Let’s try an overlapping dial plan on gateways that operate in a digit by digit fashion. We will use the following network topology:
Remember that digit by digit operation is performed on these devices:
- CUCME router
- gateways connected to PSTN configured for Overlap Sending and Receiving.
We have one CUCME router on which we configured two dial peers with the same value of precedence. Both dial peers are potential matches for the dial string 5124771551.
Overlapping dial plan in IOS gateways: scenario 1
Dial peer 512 has more explicit digits than dial peer 5122.
We make a call from Mongi shop to Bicycle Sport shop and observe which outbound dial peer is matched on Mongi voice gateway.
Although the full PSTN number is dialed, the voice gateway still waits for more digits. That’s the effect of the terminating character. After no more digits are sent and the interdigit timeout expires, the IOS finds an outbound matching dial peer: dial peer 512 is a match. Dial peer 5122 is a potential match:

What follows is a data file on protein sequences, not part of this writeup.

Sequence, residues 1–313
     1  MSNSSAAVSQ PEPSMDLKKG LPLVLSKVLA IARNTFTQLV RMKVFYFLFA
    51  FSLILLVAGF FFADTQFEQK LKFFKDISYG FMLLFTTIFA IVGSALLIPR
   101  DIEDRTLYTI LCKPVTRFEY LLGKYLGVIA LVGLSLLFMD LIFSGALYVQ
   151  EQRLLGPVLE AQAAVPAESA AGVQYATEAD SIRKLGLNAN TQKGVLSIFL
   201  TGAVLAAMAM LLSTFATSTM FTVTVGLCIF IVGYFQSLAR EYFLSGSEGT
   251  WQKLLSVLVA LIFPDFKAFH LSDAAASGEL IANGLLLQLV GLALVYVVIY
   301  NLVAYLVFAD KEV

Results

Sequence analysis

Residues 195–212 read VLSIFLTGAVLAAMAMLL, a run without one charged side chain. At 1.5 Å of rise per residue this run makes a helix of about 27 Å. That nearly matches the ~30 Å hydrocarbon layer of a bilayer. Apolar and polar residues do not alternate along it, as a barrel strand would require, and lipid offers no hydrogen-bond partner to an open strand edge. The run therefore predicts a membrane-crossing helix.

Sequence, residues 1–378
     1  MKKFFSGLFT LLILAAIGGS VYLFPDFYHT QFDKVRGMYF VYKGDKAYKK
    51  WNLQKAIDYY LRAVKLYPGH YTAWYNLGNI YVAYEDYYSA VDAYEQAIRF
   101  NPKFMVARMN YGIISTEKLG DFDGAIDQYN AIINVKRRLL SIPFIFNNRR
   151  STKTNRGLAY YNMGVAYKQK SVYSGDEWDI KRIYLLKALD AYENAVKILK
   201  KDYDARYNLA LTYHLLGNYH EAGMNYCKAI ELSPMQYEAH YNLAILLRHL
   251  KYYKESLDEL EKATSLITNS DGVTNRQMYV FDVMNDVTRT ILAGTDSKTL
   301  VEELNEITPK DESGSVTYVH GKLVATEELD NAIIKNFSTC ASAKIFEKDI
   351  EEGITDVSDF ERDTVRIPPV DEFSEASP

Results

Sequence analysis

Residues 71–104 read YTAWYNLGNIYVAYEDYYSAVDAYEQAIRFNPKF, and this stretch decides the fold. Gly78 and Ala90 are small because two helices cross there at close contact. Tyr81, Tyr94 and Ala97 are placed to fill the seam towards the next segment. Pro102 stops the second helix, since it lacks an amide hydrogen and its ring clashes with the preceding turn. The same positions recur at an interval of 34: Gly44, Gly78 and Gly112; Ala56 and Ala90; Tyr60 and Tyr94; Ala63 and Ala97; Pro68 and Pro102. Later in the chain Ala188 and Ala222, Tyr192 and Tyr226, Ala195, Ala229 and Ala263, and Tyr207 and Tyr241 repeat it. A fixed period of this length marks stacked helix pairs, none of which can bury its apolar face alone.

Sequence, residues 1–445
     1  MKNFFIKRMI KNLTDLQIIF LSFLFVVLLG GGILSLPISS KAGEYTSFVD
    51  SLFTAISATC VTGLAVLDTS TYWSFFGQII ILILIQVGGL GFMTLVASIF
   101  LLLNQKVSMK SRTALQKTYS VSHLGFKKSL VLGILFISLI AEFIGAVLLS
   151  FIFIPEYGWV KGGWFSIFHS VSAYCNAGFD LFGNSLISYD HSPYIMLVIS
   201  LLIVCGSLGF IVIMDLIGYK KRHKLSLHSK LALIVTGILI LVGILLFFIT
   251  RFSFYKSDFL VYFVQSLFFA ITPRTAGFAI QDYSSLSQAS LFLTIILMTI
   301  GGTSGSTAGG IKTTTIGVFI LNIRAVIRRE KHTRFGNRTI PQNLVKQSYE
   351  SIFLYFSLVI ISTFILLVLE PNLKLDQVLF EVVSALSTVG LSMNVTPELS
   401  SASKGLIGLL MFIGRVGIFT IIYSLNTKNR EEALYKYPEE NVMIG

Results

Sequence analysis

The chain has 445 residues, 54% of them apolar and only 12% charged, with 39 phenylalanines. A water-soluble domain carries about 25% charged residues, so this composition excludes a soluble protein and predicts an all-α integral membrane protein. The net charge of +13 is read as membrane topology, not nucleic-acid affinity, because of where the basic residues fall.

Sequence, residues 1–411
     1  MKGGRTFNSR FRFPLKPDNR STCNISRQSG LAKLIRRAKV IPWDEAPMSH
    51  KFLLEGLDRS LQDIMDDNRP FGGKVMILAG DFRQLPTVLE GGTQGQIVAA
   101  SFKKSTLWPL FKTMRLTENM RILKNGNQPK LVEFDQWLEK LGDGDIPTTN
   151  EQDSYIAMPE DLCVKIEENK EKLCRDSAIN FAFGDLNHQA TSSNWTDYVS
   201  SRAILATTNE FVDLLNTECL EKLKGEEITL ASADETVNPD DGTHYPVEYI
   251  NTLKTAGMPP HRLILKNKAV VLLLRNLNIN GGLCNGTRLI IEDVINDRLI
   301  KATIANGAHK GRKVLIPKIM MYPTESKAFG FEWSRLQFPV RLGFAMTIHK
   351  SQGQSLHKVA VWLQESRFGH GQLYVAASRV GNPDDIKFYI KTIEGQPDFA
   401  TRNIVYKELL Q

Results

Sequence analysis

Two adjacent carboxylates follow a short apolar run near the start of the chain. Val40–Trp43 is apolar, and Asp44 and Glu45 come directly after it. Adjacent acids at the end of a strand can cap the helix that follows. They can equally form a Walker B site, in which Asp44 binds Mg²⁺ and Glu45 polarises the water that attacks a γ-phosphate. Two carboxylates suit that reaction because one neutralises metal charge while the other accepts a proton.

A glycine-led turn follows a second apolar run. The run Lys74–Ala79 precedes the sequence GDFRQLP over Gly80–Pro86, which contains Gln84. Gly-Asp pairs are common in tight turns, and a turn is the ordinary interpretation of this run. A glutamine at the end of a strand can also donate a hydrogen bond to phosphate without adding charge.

I repeated the experiment and had the same results: dial peer 512 is the match and dial peer 5122 is a potential match. So, dial peer 5122 is never matched as long as there is dial peer 512.
This demonstrates that the most specific dial peer (the dial peer with the more explicit digits in the pattern) always wins.
Compare this result with page 457 of the CVOICE Foundation Learning Guide:
According to the author, dial peer 90110 will never be used, although it is the dial peer with the most explicit pattern. This statement contradicts what we just found.
Overlapping dial plan in IOS gateways: scenario 2
We make a call from Mongi phone to PSTN. As soon as I finish dialing “512”, it displays “unknown number” and the call fails.
In the output of the debug, we clearly see the reason: dial peer 5122 was the match and not dial peer 512.
So as soon as the IOS finds a matching dial peer, it uses it and immediately processes the call for routing.